Prices remain volatile as attacks on Saudi Aramco exacerbate supply issues

Volatility remains in oil markets, although price fluctuations have moderated. Concerns over a supply shortage as Russian energy is shunned after its invasion of Ukraine have intensified as Saudi energy facilities have come under attack from Yemen’s Houthis twice this week.

West Texas Intermediate on the New York Mercantile Exchange rose three out of five trading days, posting its first weekly gain in three weeks. After hitting a high of $114.93 on Wednesday, prices restored some gains before adding $1.56 or 1.4% on Friday to end the week at $113.90 a barrel, down from $112.12 at Monday’s close. List price ended the week at $110.38 a barrel, according to Plains All American. Prices are up around 50% globally so far this year.


Natural gas prices rose on all five days of the trading week, breaching the $5 per Mcf barrier on Tuesday and staying there for the rest of the week. Natural gas prices posted their biggest jump, 29 cents, on Tuesday, followed by increases of 17 cents on Thursday and Friday. Prices closed Friday at $5.571 per Mcf, down from Monday’s close of $4.90.

Natural gas prices are enjoying support both domestically – amid signs that natural gas production may not be enough to help fill storage – and internationally. In the aftermath of Russia’s invasion of Ukraine, the United States and Europe are teaming up to reduce the continent’s dependence on Russian energy. On Friday, a plan was announced in which the United States and a few other countries will increase their exports of liquefied natural gas to Europe by 15 billion cubic meters this year, with even larger shipments expected in the future.

“I’m not surprised at the price movement up or down or the speed,” David Bledsoe, chairman of Henry Resources, told The Reporter-Telegram via email. “With the war raging, volatility is at an all-time high. I think it will stay that way with so many unresolved supply and demand issues. With Biden trying to get Iranian and Venezuelan barrels back on the market combined with volatility in Russian barrels, we’re going to face big swings. It’s still very political of him to beg for international oil supplies while doing what he can to hurt the American producer. We don’t change Not at all about Henry’s business plans due to this uncertainty.We cannot predict how long prices will be high here.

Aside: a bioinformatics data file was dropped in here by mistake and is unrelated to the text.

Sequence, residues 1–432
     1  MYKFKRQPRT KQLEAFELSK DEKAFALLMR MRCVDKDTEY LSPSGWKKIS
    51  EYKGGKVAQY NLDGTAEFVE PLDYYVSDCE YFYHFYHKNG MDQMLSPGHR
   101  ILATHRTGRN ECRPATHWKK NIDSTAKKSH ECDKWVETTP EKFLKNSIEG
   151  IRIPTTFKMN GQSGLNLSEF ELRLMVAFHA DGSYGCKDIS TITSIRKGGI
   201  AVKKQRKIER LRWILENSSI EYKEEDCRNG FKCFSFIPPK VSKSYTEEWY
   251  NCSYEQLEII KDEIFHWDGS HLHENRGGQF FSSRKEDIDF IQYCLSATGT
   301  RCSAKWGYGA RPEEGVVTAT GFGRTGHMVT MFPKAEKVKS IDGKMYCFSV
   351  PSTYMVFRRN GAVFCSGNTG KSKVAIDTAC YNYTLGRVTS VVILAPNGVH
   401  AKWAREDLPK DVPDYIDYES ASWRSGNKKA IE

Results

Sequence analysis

Edward Moya, senior market analyst, Americas at OANDA, said in a news report that Friday’s projectile hitting a Saudi Aramco site sent oil prices positive on Friday.

“This is the second attack this week and raises fears that the energy market could experience a major attack like the one in 2019 which disrupted around half of Saudi Arabia’s production. not be able to shake off fears of disruptions any time soon and this should suggest that prices could continue to rise sharply next week,” Moya wrote.

The attack on Aramco facilities is likely to cause near-term operational disruption and could temporarily reduce Saudi supply, Rohan Reddy, research analyst at Global X Management, a company that manages $2 billion, told Bloomberg. dollars of energy-related assets. “Wider geopolitical issues that persist in the country could lead to continued supply cuts and put upward pressure on oil prices.”

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